The sixth and seventh oldest NL franchises both date to 1890.  They are the Cincinnati Reds and the Los Angeles Dodgers.  The Reds were not connected with the two Cincinnati Red Stockings ball clubs,  the first being the first nationally successful pro baseball club (from 1866 to 1870 and pre-dating the National League…see this).  The latter Cincinnati Red Stockings were a founding member of the National League in 1876,  but were expelled from the league in 1880 for serving beer at games,  and for violating ballpark lease arrangements.  The present-day Cincinnati Reds joined the National League in 1890,  leaving the American Association  (see this time-line of the American Association).  Another club left the AA to join the NL in 1890…the Brooklyn Bridegrooms.  This club went through 2 name changes prior to the endearingly anachronistic Bridegrooms moniker,  and 4 more name changes before they officially became the Brooklyn Dodgers (in 1932).  They were known in the period from approximately 1899 to 1910,  bizarrely,  as the Brooklyn Superbas (after a popular acrobatic troupe of the time).  By this time,  the nickname of Trolley Dodgers had gained currency for the Brooklyn club…the story goes that their ball park then was at the confluence of several mass transit lines,  so the fans were literally dodging trolleys and streetcars to get to the park.  But from 1914 to 1931,  the club was officially known as the Brooklyn Robins,  after their manager Wilbert “Uncle Robbie” Robinson.  However,  fans and sportswriters alike used the Dodgers moniker interchangeably in describing the hapless,  yet beloved ”Bums” of Brooklyn.   Of course,  the Brooklyn Dodgers toiled in futility,  then later in agonizing runners-up status (with 6 World Series losses,  the last 5 all to the New York Yankees,  between 1941 and 1953),  until they finally won the World Series in 1955.  The underdog borough of Brooklyn had little time to revel in its new status as champions.   Two years later the management of the Brooklyn Dodgers,  succumbing to the lure of free,  soon-to-be valuable land to build a new stadium,   broke the heart of the borough by moving clear across the country to Los Angeles,  California.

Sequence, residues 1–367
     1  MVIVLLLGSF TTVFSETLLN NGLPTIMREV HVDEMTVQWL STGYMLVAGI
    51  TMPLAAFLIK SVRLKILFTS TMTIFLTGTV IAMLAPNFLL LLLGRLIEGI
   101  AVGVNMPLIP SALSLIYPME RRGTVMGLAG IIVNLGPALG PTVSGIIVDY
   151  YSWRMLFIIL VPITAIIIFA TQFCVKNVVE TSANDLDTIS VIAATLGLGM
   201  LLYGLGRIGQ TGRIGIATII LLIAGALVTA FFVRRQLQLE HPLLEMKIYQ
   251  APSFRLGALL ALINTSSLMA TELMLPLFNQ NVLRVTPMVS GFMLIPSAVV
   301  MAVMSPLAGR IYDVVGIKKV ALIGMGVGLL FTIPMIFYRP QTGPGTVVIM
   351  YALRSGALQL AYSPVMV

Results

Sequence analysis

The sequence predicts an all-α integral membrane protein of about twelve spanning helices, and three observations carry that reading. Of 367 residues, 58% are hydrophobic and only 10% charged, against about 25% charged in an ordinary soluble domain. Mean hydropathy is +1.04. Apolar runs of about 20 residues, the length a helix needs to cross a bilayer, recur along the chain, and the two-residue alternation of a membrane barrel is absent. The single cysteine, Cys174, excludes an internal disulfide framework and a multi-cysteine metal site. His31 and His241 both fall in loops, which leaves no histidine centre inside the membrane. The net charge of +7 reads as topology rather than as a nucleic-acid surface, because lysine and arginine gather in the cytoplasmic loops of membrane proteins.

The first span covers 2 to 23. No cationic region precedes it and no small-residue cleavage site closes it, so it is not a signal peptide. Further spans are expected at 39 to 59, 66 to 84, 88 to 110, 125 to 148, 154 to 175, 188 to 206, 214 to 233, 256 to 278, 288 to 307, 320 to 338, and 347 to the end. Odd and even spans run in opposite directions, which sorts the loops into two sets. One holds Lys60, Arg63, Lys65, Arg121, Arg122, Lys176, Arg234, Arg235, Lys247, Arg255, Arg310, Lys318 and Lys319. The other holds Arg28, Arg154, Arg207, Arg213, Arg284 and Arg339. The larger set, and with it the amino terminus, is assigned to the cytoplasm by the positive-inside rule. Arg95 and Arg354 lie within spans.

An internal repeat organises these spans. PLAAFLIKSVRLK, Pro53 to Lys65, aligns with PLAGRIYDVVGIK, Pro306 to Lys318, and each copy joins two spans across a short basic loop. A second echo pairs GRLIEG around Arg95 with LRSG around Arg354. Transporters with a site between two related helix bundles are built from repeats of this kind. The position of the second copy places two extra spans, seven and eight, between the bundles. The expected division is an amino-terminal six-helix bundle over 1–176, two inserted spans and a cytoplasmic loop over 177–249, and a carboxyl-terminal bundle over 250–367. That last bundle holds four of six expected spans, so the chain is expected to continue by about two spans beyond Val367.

The eighth oldest National League ball club is the St. Louis Cardinals.  They were yet another club that arrived in the National League via the American Association.  This occurred in 1892,  after the AA folded.  They were first known as the St. Louis Brown Stockings.  In 1899, they called themselves the St. Louis Perfectos.  In 1900,  the club changed their name to the St. Louis Cardinals,  but not after the bird,  but the shade of red.   In the 19th Century,  it was traditional for many ball clubs to name themselves after the color of their socks,  and the term cardinal was a more common name for a shade of red back then than it is now.   The Cardinals in fact did not display ornithological iconography until 1922  {see this}.

The American League began in 1901.  All 8 of the founding franchises still exist,  but only 4 are still in the same city…the Chicago White Sox (who began as simply as the White Stockings),  the Cleveland Indians (who began as the Cleveland Blues),  the Detroit Tigers,  and the Boston Red Sox (this ball club had no official nickname until they adopted the Red Sox name in 1908).  For the complete list of American League franchises,  names,  and shifts,  {Click here}.    

For the complete list of AL Pennant winners,  {Click here}.

The map shows all 30 current MLB clubs,  with each club’s primary ball cap.  On the main map,  titles are listed for the city the ball club plays in now.  Total franchise titles are listed in the chart at the bottom.

As with regards to the dots showing each ball club’s geographic placement… I listed the actual city,  town,  or metropolitan borough the ball club plays in  (ie,  the New York Yankees play in The Bronx;  the Florida Marlins play 15 miles north of downtown Miami,  in Miami Gardens,  etc.).

Thanks to the Sports E-cyclopedia site, for the baseball hat icons.

Thanks to all the nameless contributors to the invaluable MLB pages which are on Wikipedia.